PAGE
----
“Perfect Mask 5 (Replace backgrounds with ease) Perfect Mask takes the core strengths of Mask Pro to another level by automating many common masking tasks with incredible accuracy.”Sometimes, anyway. I had mixed success here, which I lay at the feet of “automating.” One image was an exercise in pure frustration. I wanting to layer two images, masking out the background of the upper layer to let the lower show through. No matter how many times I went over a given area to define it as “keep” the program kept and dropped what it wished. I finally went to Photoshop where I can define a mask pixel by pixel, if necessary. Working in Perfect Mask my “specs” seemed to be capriciously overridden. “Perfect Resize 7 (Enlarge images to any size) The newest version of Genuine Fractals, the industry standard for image resizing. It is renowned across the photographic and printing industries for its ability to increase image size well over 1000% without the typical loss of sharpness or detail.” This works. It works great. There’s nothing more to be said. Detail is beautifully kept and edge halos are at a minimum. “FocalPoint 2 (Instant Bokeh for Your Images) Create realistic selective focus, blur, depth-of-field and vignette effects that tell your viewers right where to look.Easily and quickly get a tilt-shift effect with the intuitive Focus Bug (shown at right) and use the Focus Brush to apply the blur right where you want it.” This was actually much easier than I thought it would be. Hovering over the “Focus Bug” brings up tips on how to use which appendage. Clicking on any one shows the mesh that defines the area of clear focus. The actual bokeh effect in the background seems to depend on the background itself. “PhotoFrame 4 (Layouts, Edges & Adornments) Add the perfect finishing touch to your images with hundreds of design elements like film edges, borders, textures, backgrounds, adornments and even complete layouts. Customize elements to get a unique look.” If you can’t find what you want here, you’re seriously out of luck. There are over a thousand design elements like film edges, borders, textures, backgrounds and ornamentals (see below). There are even complete layouts to just drop on your image. The library of design elements displays along the left side when launched. You can choose from edges, frames, backgrounds, textures, adornments and even complete page layouts. Just double-click to apply it to your image. Start with a blank canvas, add a background, bring in, size and position your image(s). Add frames and extras to create your layout. You can resize and move images and elements around with the help of rulers and guides. Create a layout you love and save it to use again. Once multiple elements are added, the best part is that when you return to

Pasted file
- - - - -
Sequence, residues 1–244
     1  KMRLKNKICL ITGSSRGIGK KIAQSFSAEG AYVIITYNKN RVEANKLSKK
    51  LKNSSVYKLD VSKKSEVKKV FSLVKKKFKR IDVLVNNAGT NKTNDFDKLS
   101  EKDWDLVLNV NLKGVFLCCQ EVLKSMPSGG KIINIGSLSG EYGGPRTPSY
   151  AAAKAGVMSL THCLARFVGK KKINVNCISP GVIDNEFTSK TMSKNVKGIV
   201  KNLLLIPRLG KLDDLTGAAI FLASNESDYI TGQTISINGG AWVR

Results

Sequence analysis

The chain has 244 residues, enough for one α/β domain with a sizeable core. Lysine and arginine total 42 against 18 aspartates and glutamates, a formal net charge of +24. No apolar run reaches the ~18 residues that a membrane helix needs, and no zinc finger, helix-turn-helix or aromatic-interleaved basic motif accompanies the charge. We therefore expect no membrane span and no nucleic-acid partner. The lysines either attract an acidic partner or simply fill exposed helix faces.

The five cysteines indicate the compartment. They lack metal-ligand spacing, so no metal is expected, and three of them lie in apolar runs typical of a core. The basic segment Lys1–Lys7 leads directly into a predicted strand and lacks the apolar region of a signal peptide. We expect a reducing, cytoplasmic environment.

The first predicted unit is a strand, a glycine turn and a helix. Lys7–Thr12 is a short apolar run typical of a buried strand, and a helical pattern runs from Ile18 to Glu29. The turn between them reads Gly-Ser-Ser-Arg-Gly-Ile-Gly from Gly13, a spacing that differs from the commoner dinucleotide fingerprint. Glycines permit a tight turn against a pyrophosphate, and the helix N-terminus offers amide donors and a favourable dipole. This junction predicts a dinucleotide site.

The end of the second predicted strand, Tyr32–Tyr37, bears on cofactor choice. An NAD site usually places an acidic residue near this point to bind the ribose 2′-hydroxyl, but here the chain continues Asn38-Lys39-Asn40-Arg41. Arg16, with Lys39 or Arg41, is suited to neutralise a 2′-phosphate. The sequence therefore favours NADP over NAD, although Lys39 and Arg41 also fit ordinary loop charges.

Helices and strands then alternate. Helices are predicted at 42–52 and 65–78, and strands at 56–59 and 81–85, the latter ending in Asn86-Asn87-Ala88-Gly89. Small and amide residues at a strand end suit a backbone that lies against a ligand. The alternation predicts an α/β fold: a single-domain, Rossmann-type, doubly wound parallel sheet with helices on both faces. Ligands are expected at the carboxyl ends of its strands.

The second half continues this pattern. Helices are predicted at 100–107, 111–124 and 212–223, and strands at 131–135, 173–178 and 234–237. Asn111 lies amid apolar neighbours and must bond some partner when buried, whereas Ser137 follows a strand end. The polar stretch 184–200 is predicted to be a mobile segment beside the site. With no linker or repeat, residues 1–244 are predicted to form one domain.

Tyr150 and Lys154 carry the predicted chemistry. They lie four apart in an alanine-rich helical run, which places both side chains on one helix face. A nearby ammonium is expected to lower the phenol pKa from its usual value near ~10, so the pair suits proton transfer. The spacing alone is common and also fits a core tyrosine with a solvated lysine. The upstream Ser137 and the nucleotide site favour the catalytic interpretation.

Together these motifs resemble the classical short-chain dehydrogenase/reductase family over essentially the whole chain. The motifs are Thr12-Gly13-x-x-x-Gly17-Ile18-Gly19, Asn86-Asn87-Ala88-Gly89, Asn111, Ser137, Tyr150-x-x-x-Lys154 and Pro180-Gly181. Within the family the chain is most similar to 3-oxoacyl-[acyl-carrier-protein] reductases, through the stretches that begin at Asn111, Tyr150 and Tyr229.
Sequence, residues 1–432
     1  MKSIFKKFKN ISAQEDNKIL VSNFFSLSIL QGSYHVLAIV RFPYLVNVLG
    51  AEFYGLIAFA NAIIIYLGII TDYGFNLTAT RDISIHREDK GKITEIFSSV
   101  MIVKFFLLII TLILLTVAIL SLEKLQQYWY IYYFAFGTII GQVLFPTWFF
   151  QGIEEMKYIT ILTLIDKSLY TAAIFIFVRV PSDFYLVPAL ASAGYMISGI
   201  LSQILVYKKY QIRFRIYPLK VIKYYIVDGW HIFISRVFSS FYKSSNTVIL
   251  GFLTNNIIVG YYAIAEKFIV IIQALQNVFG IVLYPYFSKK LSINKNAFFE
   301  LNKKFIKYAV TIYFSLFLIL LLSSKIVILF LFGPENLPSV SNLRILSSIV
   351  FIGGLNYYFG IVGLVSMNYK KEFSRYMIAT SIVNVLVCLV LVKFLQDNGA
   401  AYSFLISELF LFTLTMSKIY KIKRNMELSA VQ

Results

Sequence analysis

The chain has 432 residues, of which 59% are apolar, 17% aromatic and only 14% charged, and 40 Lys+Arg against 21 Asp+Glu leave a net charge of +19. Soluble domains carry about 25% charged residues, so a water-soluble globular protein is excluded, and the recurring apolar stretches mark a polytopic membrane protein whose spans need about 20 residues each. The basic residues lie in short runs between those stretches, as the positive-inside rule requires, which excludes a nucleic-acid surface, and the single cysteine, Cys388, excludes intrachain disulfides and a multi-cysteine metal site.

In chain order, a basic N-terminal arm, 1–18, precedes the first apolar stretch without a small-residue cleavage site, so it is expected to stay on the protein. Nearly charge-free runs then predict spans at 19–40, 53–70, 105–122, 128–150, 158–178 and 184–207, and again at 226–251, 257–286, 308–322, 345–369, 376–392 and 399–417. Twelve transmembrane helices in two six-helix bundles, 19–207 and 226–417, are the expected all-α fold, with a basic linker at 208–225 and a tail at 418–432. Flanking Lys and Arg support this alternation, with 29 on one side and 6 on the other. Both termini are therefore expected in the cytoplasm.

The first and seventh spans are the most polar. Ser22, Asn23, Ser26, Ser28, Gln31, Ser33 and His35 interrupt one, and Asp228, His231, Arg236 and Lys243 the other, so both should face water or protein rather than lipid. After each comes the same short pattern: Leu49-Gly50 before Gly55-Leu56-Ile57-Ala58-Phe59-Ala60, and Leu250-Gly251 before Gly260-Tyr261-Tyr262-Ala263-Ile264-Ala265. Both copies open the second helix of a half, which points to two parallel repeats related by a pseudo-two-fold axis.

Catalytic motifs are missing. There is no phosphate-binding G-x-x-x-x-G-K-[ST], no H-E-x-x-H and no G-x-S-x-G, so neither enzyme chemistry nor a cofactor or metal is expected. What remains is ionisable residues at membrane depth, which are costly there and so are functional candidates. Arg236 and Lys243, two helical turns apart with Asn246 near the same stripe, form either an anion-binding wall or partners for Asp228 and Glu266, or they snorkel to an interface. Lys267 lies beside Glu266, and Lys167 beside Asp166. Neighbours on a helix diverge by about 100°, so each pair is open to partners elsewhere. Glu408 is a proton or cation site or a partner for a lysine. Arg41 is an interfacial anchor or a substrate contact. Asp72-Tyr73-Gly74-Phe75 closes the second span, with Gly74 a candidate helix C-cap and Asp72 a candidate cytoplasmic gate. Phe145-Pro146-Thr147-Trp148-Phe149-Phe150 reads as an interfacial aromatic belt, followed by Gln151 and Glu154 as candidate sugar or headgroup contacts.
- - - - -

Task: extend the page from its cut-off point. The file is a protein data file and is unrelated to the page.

Photoshop each element has been applied to the image as an editable new
layer. Current owners who upgrade receive all the new goodies, by the way. User Guides for each program are available from the OnOne site. They’re fairly long (42 pages for Perfect Effects 3) and seem complete. There are pages with incomplete text on the right side, as if the page wasn’t on the scanner properly. Occasionally a screenshot is missing. Their site offers other free downloads, such as some really cool presets for Adobe Camera RAW. Worth your while to download and experiment You can even import presets other Perfect Effects users have created and
shared to use on your images. I do have to mention the OnOne University again. There are dozens, perhaps hundreds, of videos available on the different programs and what can be done with them. Once Getting Started is under your belt, look for something you’re interested in doing. You won’t be disappointed. OnOne Software www.ononesoftware.com/products/suite/